CaKe was recently invited by Wei Li, brand manager for Zeiss lenses of Shriro House, to the Zeiss SG bloggers event to share about our experience in using Zeiss lenses. This is mainly because majority of the photos in our portfolio were shot using Zeiss lenses so it was appropriate for us to share with the audience what it was like to use the various Zeiss lenses.
Aside from all the endless debates over whether Zeiss glass is sharper than Canon/Nikon glass, the reasons that we prefer the Zeiss lenses is the way they render the image, their unique drawing style. It can be a bit hard to put into words what the exact difference is but in general the out of focus areas, or bokeh as we commonly call it, are more pleasing to the eye and there is more detail to them rather than just flat-out blurring.
The Zeiss lenses also have higher micro-contrast, meaning that they can differentiate minute differences between shades of similar colors, hence adding more colors to the image and sometimes making it look sharper. This micro-contrast is also what gives photos shot with the Zeiss lenses their famous “3D” look, together with a rapid fall-off from the plane of focus into bokeh.
Another major consideration that most amateur photographers forget about is their subject; at CaKe we photograph both people and products, and the Zeiss lenses gives us great highlight transition, saturated, pleasing yet not exaggerated colour, great detail, and pleasing character in their rendering of both in-focus and out-of-focus areas. Of course, the way they are built makes them a pleasure to use — the only plastic components on the lenses are the front and rear lens caps. Does it really matter? Maybe not. But it does give a reassuring heft without too much weight.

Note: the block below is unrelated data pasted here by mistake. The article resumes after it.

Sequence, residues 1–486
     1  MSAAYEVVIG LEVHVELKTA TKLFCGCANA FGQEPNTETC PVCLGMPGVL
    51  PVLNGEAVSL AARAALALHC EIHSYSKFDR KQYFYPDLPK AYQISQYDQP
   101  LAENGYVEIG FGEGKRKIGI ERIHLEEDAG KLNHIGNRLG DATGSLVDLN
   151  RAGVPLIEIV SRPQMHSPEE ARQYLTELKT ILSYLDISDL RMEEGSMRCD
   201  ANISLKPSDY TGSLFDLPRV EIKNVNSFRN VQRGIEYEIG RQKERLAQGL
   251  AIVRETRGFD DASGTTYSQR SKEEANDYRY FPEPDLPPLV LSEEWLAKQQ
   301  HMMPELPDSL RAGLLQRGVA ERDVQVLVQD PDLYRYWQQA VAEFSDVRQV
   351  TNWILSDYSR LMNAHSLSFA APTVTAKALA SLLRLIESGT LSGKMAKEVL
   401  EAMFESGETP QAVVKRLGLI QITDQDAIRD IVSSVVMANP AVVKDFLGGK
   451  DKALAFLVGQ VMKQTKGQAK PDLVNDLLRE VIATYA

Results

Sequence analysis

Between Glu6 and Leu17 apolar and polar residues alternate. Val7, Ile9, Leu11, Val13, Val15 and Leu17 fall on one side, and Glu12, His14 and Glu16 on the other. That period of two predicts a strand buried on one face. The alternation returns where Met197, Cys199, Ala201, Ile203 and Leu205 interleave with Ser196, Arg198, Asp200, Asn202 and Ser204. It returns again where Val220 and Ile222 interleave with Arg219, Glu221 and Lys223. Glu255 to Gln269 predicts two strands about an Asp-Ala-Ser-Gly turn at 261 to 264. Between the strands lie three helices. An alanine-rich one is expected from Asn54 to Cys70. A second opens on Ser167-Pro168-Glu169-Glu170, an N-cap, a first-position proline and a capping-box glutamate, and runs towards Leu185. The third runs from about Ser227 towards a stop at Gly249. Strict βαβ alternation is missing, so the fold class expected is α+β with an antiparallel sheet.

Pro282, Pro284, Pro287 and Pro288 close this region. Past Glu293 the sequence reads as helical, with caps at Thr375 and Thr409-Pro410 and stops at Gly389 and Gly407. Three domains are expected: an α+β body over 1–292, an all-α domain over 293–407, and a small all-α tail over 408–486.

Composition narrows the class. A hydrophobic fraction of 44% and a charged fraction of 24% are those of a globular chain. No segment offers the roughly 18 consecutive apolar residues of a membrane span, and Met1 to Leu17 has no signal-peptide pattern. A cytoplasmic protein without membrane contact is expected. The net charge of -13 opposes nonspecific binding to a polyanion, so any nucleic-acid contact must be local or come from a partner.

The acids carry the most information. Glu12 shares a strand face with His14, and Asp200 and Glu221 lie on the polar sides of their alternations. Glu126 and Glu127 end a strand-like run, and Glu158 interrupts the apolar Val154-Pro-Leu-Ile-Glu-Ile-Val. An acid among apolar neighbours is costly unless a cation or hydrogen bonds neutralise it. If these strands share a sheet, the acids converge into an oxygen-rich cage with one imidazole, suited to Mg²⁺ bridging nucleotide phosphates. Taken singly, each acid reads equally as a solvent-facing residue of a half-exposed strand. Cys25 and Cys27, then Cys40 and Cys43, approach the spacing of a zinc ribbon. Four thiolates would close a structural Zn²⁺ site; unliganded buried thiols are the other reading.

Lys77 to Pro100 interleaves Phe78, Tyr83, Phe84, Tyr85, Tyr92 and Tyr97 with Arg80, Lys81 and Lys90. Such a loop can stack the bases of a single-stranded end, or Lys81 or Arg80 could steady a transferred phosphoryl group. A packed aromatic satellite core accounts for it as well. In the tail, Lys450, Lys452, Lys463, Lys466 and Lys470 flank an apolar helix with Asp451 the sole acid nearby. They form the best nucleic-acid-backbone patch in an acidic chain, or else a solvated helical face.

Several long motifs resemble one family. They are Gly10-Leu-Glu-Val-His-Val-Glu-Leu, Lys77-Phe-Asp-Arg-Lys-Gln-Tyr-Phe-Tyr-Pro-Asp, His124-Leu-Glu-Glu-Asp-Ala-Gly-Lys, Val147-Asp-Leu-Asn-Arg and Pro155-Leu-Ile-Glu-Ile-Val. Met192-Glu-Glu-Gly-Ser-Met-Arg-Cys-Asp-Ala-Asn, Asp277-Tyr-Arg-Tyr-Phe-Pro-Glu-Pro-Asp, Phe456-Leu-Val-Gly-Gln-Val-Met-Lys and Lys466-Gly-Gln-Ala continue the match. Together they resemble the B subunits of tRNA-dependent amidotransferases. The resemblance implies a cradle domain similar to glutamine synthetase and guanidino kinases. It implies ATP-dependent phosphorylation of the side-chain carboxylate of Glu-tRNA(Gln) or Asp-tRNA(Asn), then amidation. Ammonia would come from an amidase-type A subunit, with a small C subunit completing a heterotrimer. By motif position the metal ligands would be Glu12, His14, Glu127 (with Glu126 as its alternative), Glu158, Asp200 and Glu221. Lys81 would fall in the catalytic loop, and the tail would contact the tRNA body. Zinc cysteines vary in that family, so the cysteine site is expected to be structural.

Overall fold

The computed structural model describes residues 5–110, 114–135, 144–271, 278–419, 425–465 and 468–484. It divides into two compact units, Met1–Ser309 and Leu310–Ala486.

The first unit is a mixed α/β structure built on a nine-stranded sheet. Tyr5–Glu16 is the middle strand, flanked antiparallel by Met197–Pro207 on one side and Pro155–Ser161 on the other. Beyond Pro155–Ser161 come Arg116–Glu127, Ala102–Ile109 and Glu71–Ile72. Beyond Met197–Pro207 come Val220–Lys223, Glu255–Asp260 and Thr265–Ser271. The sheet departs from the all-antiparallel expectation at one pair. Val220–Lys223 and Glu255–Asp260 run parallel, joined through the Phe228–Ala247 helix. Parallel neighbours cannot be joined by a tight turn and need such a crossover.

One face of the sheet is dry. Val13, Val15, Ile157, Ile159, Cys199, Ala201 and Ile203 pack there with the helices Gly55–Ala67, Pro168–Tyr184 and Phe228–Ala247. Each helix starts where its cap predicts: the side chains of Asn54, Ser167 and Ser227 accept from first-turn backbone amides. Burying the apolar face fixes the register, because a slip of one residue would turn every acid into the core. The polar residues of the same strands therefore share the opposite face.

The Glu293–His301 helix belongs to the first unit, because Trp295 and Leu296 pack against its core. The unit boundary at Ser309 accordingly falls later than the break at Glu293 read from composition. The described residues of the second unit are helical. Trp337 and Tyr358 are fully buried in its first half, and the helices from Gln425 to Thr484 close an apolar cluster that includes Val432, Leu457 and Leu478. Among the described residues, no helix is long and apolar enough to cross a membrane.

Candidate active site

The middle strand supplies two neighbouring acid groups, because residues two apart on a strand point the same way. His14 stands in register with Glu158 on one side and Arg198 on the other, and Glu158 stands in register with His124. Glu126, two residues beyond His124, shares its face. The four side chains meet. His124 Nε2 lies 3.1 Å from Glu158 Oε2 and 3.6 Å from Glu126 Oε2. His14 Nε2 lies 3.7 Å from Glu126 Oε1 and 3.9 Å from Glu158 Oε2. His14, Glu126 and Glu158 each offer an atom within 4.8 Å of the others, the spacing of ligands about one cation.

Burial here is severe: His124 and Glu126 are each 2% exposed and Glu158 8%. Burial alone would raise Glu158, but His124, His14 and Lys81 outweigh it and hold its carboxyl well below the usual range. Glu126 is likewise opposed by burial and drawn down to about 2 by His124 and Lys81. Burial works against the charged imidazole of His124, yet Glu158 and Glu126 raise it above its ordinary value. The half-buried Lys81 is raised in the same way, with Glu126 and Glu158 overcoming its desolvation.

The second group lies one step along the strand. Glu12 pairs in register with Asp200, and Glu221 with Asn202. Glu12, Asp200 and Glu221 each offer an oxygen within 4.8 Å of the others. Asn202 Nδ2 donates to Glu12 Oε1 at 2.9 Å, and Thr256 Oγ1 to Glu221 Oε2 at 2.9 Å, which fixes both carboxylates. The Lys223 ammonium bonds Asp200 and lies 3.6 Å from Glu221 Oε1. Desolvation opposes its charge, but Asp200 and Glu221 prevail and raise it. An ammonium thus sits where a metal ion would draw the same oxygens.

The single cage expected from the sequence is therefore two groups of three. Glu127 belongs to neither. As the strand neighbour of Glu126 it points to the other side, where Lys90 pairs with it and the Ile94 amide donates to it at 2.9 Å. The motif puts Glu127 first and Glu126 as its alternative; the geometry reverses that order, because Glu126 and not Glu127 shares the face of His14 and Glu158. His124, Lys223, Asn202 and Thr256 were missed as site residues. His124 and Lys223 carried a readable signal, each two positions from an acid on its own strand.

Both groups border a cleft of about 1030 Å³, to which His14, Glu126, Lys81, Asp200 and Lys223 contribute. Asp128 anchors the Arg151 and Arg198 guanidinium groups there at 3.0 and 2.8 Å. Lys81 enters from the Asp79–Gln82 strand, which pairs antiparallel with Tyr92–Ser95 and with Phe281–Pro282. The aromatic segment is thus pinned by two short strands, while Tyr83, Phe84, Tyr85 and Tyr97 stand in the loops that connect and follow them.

You will notice a significant amount of photos in our portfolio are taken with Zeiss lenses, for good reason Here are a sample of our work done with Zeiss lenses.
These were made with the Zeiss Planar T* 1,4/50 lens.
These were made with the Zeiss Planar T* 1,4/85 lens.
These were made with the Zeiss Makro-Planar T* 2/100 lens. The 100mm is perfect for close-up photos for food, products and nature. It has 10 times less distortion than even the Canon’s 100L macro lens, making it virtually distortion free! The ability to open up one stop extra as compared to the Canon and Nikon 100mm macro lenses allows it to blur away the background into soft creaminess but still with some definition.
We also took some photos at the event, here is one taken with the latest offering from Zeiss, the Distagon T* 1,4/35. Shot wide open, the highlights still retain detail even in the bokeh of Kevin’s face and there is a crisp rendering in Esther’s face.
And there was also a lovely model, Pearlyn, who was there for us to snap some portraits of her with the Zeiss lenses. Here are some shots done with the Makro-Planar T* 2/100, all done wide open hence the extremely shallow depth of field
You can see more photos here at our gallery on our Facebook page!